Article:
This article begins in a fascinating manner, where an individual who is staunchly against censorship admits that a book disturbed her enough that she had to carefully consider her opinions. The book in question almost seems to romanticize/justify a suicide.
Ultimately she realized that pulling the book would not end the behavior. The behavior was a result of a deeper question/problem that needed to be addressed. Banning books, restricting access, etc. are just band-aids; short term solutions that allow us to ignore the “Gaping wounds” in a community.
I cannot agree more. There are so many problems, mostly in my opinion, due to a sense of entitlement and lack of communal feeling, that society is broken right now.
Blind Date with a Book, 19th century edition. In addition to reading the books, or knowing what they are about enough to create a 2-3 word ‘catchy synopsis’ wrapping these books in butcher paper would probably take the most time.
The author used Canva to create bookmarks for the event, Canva is a very easy to use tool that I had forgotten I knew about. Now I plan on making sure that everyone I know is aware of it!
The librarian did a 30 second blurb about each book, to give the students an idea of what to expect if they read that book. When the librarian let the students take the paper off some of the students were excited! Some were disappointed and she allowed those students to make some swaps. They then held a contest to see who read the most (page count not titles).
This sounds like a really neat way to introduce literature that people would not ordinarily read. I wonder if the director would go for this among staff in the public library I work at?
American Libraries Magazine 6/1/2017
With libraries attracting more people, different people, different/more programs, etc. New security issues are coming to the fore.
If you see or smell someone using marijuana in the library tell them it is against the fire code, even if they are vaping, if they refuse call the police.
Panhandlers, religious or otherwise, do not have the right to solicit money using your business as a base.
If someone attempts to express a religious freedom in a way that blocks access to other patrons they can be asked to move their ‘freedom’ to a part of the library where they will not be disrupting anyone.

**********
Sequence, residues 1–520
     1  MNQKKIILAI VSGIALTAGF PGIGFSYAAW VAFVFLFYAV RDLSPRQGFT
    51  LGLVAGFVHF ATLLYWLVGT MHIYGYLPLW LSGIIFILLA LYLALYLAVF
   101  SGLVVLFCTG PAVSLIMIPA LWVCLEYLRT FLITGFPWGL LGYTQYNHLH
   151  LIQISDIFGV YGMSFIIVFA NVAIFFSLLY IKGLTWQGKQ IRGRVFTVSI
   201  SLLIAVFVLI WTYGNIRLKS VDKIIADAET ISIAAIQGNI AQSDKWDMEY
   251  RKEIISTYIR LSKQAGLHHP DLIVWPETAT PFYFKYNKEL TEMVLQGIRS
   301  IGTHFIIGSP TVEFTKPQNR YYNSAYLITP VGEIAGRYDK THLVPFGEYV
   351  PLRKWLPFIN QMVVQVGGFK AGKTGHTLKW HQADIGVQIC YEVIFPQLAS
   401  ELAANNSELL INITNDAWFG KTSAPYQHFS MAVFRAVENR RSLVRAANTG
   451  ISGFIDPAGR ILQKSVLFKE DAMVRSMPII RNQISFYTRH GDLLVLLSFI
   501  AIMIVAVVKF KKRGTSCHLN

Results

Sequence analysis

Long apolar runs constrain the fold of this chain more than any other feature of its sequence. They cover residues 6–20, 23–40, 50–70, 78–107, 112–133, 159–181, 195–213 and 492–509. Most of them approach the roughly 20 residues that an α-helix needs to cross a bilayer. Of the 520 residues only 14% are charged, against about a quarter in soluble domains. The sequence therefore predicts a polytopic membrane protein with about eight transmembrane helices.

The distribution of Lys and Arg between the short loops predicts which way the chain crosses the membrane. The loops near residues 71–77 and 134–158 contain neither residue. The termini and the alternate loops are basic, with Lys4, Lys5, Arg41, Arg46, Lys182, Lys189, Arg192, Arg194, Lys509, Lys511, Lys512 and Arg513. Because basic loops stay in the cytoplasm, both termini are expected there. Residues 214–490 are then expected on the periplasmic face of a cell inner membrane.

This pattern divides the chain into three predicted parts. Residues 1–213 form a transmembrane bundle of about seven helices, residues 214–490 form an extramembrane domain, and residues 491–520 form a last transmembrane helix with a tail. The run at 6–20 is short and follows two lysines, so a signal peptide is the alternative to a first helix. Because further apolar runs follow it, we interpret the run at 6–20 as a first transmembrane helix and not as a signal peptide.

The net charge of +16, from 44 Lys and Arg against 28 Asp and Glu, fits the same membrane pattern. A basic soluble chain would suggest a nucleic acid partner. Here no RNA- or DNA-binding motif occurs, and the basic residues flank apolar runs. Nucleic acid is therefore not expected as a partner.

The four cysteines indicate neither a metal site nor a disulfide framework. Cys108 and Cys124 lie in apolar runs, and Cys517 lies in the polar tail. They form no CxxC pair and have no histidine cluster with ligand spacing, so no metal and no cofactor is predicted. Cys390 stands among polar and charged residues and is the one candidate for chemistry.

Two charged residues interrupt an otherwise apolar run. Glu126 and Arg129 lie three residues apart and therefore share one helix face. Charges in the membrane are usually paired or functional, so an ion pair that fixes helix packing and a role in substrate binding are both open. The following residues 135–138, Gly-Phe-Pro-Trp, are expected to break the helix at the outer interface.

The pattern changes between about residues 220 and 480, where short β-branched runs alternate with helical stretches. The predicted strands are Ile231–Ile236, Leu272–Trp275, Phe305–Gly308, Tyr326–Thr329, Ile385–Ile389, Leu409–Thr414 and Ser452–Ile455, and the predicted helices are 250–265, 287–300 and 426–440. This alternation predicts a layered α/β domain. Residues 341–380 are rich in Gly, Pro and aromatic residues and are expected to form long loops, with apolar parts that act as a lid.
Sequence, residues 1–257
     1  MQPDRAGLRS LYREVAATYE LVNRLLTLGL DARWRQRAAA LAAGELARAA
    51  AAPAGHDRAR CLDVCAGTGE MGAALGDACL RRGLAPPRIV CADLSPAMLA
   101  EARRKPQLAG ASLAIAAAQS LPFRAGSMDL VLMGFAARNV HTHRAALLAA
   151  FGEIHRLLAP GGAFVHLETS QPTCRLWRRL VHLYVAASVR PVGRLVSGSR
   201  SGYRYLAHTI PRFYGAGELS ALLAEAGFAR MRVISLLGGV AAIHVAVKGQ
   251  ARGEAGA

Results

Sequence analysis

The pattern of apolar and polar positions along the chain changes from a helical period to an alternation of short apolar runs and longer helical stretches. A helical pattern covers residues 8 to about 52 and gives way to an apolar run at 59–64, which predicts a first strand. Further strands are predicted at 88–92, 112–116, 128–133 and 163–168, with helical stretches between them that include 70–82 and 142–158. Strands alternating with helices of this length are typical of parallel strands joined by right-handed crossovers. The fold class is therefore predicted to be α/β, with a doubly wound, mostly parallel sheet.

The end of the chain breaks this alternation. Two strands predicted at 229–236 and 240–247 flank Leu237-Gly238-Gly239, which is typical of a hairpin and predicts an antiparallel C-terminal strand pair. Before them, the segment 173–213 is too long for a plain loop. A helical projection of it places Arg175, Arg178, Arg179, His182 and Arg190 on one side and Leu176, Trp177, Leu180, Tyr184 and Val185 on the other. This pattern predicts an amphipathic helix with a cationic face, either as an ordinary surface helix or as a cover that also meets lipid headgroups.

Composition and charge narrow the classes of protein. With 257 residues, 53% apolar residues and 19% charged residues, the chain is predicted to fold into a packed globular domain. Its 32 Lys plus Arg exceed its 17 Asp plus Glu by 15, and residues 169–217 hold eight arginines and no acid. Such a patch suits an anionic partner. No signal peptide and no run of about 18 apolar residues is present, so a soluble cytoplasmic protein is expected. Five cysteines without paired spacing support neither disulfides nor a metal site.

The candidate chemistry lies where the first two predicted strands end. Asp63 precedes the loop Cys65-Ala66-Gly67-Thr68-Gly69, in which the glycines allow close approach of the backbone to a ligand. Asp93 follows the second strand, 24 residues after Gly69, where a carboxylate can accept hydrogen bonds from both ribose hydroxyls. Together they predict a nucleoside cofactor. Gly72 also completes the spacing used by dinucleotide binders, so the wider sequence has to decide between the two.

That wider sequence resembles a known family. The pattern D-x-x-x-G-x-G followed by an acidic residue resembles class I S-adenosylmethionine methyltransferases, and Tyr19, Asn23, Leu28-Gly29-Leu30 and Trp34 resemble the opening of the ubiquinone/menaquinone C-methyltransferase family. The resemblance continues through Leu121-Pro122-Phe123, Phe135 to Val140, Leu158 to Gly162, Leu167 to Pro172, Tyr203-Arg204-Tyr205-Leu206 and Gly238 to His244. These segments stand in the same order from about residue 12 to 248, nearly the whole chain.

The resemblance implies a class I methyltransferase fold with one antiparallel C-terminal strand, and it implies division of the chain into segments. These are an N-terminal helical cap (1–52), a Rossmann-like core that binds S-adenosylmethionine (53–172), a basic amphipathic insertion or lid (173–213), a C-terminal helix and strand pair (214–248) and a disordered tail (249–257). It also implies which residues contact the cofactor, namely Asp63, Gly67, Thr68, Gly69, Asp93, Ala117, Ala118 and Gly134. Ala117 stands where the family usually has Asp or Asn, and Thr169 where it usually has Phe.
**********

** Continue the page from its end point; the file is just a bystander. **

If needles and burnt spoons are found in the library then call the police to have them impound the materials.
If someone brings in their “Emotional Comfort Animal” you cannot ask why they have the animal you can, however, ask if they can control their animal. If they admit that they are unable to control the animal then you can ask them to leave.
If you have patrons that feel entitled, listen to them, let them vent, offer up to three solutions to the problem, but if they persist, exercise your right to say “I’ve got other people to help”.
*There is a lot of good information to keep in mind when interacting with patrons. I really think that it is possible to be a librarian without getting walked over, while still maintaining control over your library. I like these suggestions, they are practical while still being kind.*
This author begins by discussing our concept of what a library is, a refuge for books. The etymology of Library and words related are from roots in paper, books, building that houses books, etc.
This is a fascinating article that allows the reader to explore different iterations of what a library is/can be. Readjusting the definition of the library to include all of the different forms of information available can be quite difficult for people to get their minds around.
*Several of our new library employees at the public library I work at have expressed how surprised they are at the wide variety of materials the library has to offer.*